• domain – (optional) specify the domain of the variable(s); it is the complex plane by default, and possible options are (non-exhaustive list, see note below): 'real', 'complex', 'positive', 'integer' and 'noninteger'

OUTPUT:

Symbolic expression or tuple of symbolic expressions.

This function does not inject the variable(s) into the global namespace. For that purpose see var().

Note

For a comprehensive list of acceptable features type 'maxima('features')', and see also the documentation of Assumptions.

EXAMPLES:

Create a variable $$zz$$ (complex by default):

sage: zz = SR.var('zz'); zz
zz


The return type is a symbolic expression:

sage: type(zz)
<type 'sage.symbolic.expression.Expression'>


We can specify the domain as well:

sage: zz = SR.var('zz', domain='real')
sage: zz.is_real()
True


The real domain is also set with the integer domain:

sage: SR.var('x', domain='integer').is_real()
True


The name argument does not have to match the left-hand side variable:

sage: t = SR.var('theta2'); t
theta2


Automatic indexing is available as well:

sage: x = SR.var('x', 4)
sage: x[0], x[3]
(x0, x3)
sage: sum(x)
x0 + x1 + x2 + x3

wild(n=0)

Return the n-th wild-card for pattern matching and substitution.

INPUT:

• n - a nonnegative integer

OUTPUT:

• $$n^{th}$$ wildcard expression

EXAMPLES:

sage: x,y = var('x,y')
sage: w0 = SR.wild(0); w1 = SR.wild(1)
sage: pattern = sin(x)*w0*w1^2; pattern
$1^2*$0*sin(x)
sage: f = atan(sin(x)*3*x^2); f
arctan(3*x^2*sin(x))
sage: f.has(pattern)
True
sage: f.subs(pattern == x^2)
arctan(x^2)

class sage.symbolic.ring.UnderscoreSageMorphism

A Morphism which constructs Expressions from an arbitrary Python object by calling the _sage_() method on the object.

EXAMPLES:

sage: import sympy
sage: from sage.symbolic.ring import UnderscoreSageMorphism
sage: b = sympy.var('b')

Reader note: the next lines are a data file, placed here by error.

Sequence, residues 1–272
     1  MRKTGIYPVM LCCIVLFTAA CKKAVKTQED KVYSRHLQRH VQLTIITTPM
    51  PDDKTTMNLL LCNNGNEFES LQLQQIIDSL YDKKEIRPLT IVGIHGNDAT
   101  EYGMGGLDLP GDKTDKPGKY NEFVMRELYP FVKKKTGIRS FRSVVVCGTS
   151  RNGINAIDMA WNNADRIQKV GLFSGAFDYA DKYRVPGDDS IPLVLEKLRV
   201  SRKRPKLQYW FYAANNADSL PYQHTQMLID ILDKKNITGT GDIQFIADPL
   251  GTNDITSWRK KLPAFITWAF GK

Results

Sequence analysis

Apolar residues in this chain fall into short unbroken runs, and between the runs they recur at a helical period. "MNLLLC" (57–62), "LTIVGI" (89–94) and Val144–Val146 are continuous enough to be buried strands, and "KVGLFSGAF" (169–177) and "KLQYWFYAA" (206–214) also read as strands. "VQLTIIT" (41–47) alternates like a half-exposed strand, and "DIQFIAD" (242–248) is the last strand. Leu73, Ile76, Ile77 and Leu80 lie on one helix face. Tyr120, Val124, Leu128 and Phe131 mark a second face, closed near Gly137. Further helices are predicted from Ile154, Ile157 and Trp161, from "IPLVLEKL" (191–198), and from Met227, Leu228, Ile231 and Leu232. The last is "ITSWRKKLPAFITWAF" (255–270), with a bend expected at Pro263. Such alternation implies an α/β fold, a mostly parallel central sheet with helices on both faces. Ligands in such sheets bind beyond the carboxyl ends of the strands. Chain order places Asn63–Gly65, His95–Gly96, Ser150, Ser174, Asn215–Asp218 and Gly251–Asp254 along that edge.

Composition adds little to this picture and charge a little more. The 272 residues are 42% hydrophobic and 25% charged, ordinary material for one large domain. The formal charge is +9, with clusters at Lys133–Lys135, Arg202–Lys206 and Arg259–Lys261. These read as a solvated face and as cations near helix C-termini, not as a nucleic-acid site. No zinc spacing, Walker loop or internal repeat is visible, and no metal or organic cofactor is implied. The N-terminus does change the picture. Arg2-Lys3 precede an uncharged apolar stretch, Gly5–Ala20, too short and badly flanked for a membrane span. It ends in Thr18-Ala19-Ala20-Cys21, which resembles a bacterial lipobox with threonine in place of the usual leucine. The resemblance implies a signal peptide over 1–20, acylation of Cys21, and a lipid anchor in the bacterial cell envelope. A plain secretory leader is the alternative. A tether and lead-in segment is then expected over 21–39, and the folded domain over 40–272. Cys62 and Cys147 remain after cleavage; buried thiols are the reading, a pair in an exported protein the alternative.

sage: f = UnderscoreSageMorphism(type(b), SR)
sage: f(b)
b
sage: _.parent()
Symbolic Ring

sage.symbolic.ring.is_SymbolicExpressionRing(R)

Returns True if R is the symbolic expression ring.

EXAMPLES:

sage: from sage.symbolic.ring import is_SymbolicExpressionRing
sage: is_SymbolicExpressionRing(ZZ)
False
sage: is_SymbolicExpressionRing(SR)
True

sage.symbolic.ring.is_SymbolicVariable(x)

Return True if x is a variable.

EXAMPLES:

sage: from sage.symbolic.ring import is_SymbolicVariable
sage: is_SymbolicVariable(x)
True
sage: is_SymbolicVariable(x+2)
False

sage.symbolic.ring.isidentifier(x)

Return whether x is a valid identifier.

INPUT:

• x – a string

OUTPUT:

Boolean. Whether the string x can be used as a variable name.

This function should return False for keywords, so we can not just use the isidentifier method of strings (in Python 3), because, for example, it returns True for “def” and for “None”.

EXAMPLES:

sage: from sage.symbolic.ring import isidentifier
sage: isidentifier('x')
True
False
sage: isidentifier('ceci_n_est_pas_une_pipe')
True
sage: isidentifier('1 + x')
False
sage: isidentifier('2good')
False
sage: isidentifier('good2')
True
sage: isidentifier('lambda s:s+1')
False
sage: isidentifier('None')
False
sage: isidentifier('lambda')
False
sage: isidentifier('def')
False

sage.symbolic.ring.the_SymbolicRing()

Return the unique symbolic ring object.

(This is mainly used for unpickling.)

EXAMPLES:

sage: sage.symbolic.ring.the_SymbolicRing()
Symbolic Ring
sage: sage.symbolic.ring.the_SymbolicRing() is sage.symbolic.ring.the_SymbolicRing()
True
sage: sage.symbolic.ring.the_SymbolicRing() is SR
True

sage.symbolic.ring.var(name, **kwds)

EXAMPLES:

sage: from sage.symbolic.ring import var
sage: var("x y z")
(x, y, z)
sage: var("x,y,z")
(x, y, z)
sage: var("x , y , z")
(x, y, z)
sage: var("z")
z